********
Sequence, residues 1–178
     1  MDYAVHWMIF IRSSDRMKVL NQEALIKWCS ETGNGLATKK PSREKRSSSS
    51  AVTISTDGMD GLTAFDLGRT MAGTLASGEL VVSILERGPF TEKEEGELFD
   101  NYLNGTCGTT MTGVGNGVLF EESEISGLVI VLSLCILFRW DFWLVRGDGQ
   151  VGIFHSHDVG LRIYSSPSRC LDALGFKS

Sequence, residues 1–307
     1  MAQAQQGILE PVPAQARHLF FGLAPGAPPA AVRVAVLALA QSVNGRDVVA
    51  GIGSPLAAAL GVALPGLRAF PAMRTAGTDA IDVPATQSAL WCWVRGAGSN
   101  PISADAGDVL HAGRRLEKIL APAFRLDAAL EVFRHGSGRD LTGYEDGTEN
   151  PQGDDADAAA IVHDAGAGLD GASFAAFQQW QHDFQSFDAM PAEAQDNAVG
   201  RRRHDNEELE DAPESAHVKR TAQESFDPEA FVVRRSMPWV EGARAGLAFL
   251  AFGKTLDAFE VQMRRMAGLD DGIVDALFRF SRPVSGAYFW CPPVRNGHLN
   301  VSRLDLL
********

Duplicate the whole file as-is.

Sequence, residues 1–178
     1  MDYAVHWMIF IRSSDRMKVL NQEALIKWCS ETGNGLATKK PSREKRSSSS
    51  AVTISTDGMD GLTAFDLGRT MAGTLASGEL VVSILERGPF TEKEEGELFD
   101  NYLNGTCGTT MTGVGNGVLF EESEISGLVI VLSLCILFRW DFWLVRGDGQ
   151  VGIFHSHDVG LRIYSSPSRC LDALGFKS

Sequence, residues 1–307
     1  MAQAQQGILE PVPAQARHLF FGLAPGAPPA AVRVAVLALA QSVNGRDVVA
    51  GIGSPLAAAL GVALPGLRAF PAMRTAGTDA IDVPATQSAL WCWVRGAGSN
   101  PISADAGDVL HAGRRLEKIL APAFRLDAAL EVFRHGSGRD LTGYEDGTEN
   151  PQGDDADAAA IVHDAGAGLD GASFAAFQQW QHDFQSFDAM PAEAQDNAVG
   201  RRRHDNEELE DAPESAHVKR TAQESFDPEA FVVRRSMPWV EGARAGLAFL
   251  AFGKTLDAFE VQMRRMAGLD DGIVDALFRF SRPVSGAYFW CPPVRNGHLN
   301  VSRLDLL